Dulles, Council on Foreign Relations 26 July 1955 What are the principal remaining problems? There are three that stand out above the others. The first is the tragic plight of the 900,000 refugees who formerly lived in the territory that is now occupied by Israel. The second is the pall of fear that hangs over the Arab and Israel people alike. The Arab countries fear that Israel will seek by violent means to expand at their expense. The Israelis fear that the Arabs will gradually marshal superior forces to be used to drive them into the sea and resent the measures of economic blockade which are now enforced against them. The third is the lack of fixed permanent boundaries between Israel and its Arab neighbors.
D EAN R USK : [reading from proposed telegram for Averell Harriman to present to Prime Minister Eshkol] “... Our deep concern about unification of Arab world behind Nasser with close working relationships with [the] Soviet bloc is [the] greatest threat to Israel we can imagine. The fact that it would be deeply injurious to U.S. interests in [the] Near East, including the security of Israel, seems to us to require that we and Israel would together to head it off. We agree to a private visit to Washington of [Shimon] Peres and [Yitzhak] Rabin. Must emphasize absence of publicity for such visit, as was accomplished on earlier occasions.”... P RESIDENT J OHNSON : I had this feeling—I don’t know if it’s any good, but, God, I hate to transfer all those Jews into Washington, though, because I’m afraid that they’ll all move in at the slightest provocation. I wouldn’t be surprised if Golda’s [Meir] not on her way if we don’t watch. But maybe not. Do you think that we could say to Averell to strike out the [word] “sympathetically” [from the proposed agreement] and say, “We pledge to give you x tanks, and give ‘em the x tanks, and... ” It seems that the basis of his [Eshkol’s] objection is that [the U.S. saying] “we view sympathetically” doesn’t commit us. R USK : Uh-huh. P RESIDENT J OHNSON : And that he wants a commitment. It seems that we might, without great danger, raise the ante a little bit to what the Germans are giving them, and say if the Germans don’t complete it, we’ll complete it, plus 20 or something.
P RESIDENT J OHNSON : I don’t want to make any conditions, because I’ve been gone on the Phantoms, but I’m willing to help you put whatever pressure you can. But I made the decision on the Phantoms, Dean, last January , when I called Bob McNamara in here and told him to be ready to deliver ‘em this January . D EAN R USK : Yeah. P RESIDENT J OHNSON : I just didn’t want to face up to it all during that period, as you well know. R USK : Well, I think Israel— P RESIDENT J OHNSON : I wouldn’t say—now, I’m willing to threaten, and do everything I can, just as long as you know, I come clean with you: the Phantoms—they’re already shipped. R USK : [unenthusiastically] Mm-hmm. P RESIDENT J OHNSON : Now, you can tell ‘em that we’ve got to have this, and we’ve got to have that. And I’ll tell ‘em the same thing, and shove, and fight. They can’t use ‘em [for a] nuclear [attack], and they can’t do this, and they’ve got to sign a non-proliferation treaty: I don’t care what all we say. R USK : Right. P RESIDENT J OHNSON : I’m not going to tell them. But that decision’s already wrapped up. R USK : Well, they’ve already got out of there what they want, short of the delivery of the planes themselves. P RESIDENT J OHNSON : Yes. Yes, that’s right. Well, I think they would like to have the thing signed, and have the purchase order written, because they’ve had that with France, you know, and it’s been kicked out. And I want to be damn sure that I do it, and that I don’t wait till after the election, and Nixon and Humphrey do it.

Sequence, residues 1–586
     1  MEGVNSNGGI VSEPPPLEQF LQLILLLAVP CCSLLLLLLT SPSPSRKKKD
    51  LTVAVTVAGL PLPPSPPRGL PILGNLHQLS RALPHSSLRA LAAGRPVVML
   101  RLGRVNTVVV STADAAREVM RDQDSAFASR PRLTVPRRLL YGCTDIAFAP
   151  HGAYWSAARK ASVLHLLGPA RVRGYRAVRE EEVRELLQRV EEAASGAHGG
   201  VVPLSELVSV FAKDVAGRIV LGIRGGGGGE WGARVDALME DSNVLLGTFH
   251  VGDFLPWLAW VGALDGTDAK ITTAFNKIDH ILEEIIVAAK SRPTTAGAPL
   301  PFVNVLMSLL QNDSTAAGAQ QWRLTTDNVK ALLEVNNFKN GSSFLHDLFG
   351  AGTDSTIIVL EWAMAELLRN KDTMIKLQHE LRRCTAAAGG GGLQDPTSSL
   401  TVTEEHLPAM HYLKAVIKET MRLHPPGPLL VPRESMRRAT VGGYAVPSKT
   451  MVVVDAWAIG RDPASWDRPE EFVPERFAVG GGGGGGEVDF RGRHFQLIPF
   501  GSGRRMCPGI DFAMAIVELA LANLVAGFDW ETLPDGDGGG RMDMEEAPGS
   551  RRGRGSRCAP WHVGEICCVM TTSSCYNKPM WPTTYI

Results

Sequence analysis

P RESIDENT N IXON : But it’s important to get across to them, Henry, and I hope you’ll talk to [New York senator Jacob] Javits and the rest of ‘em on this, and even [Washington senator Henry] Jackson: by God, if the Jewish community in this country makes Israel exit permits the condition for the Russian initiative, listen, they’re going to be hurting. That cannot work. H ENRY K ISSINGER : [forcefully] Let’s face it: The emigration of Jews from the Soviet Union is not an objective of American foreign policy. And if they put Jews into gas chambers in the Soviet Union, it is not an American concern. It may be a humanitarian concern. P RESIDENT N IXON : I know. K ISSINGER : And... P RESIDENT N IXON : Well, we can’t blow up the world because of it. K ISSINGER : It’d be an outrage, but we cannot make out where gas chambers would go as far as I’m concerned. P RESIDENT N IXON : I know. K ISSINGER : There is no unrestricted right to emigration. If the Indians don’t let Farsis out, it would never occur to us to attach a rider to a foreign policy decision. And I think that the Jewish community in this country, on that issue, is behaving unconscionably. It’s behaving traitorously. I find— P RESIDENT N IXON : Why can’t we get Jackson to get off the damn thing? He feels it, though. He is. He’s close to the Jewish community; he’s close to the Israelis. K ISSINGER : Although, I suppose— P RESIDENT N IXON : Well, of course, he’s taken a lot of money from them, too. K ISSINGER : Exactly. They’re financing his [presidential] campaign in ’76. But Javits... I’m going to have a talk with Javits, and I’m going to tell him that it is unconscionable for the Jewish community to... P RESIDENT N IXON : You see, what they [the pro-Jewish emigration forces in Congress] will do is to work that way with the radical, the nuthead, basically the anti-semitic nutheads, say. Anti-communists in the Senate and the House—a lot of them are anti-semitic—who want to screw the Russians for other reasons. And between them... You know, we’ve got to get most-favored-nation [status for the USSR, in trade relations], don’t we? K ISSINGER : [forcefully] Mr. President, let’s face it: we have screwed Brezhnev. I mean, you have outmaneuvered Brezhnev in a way that is almost pathetic.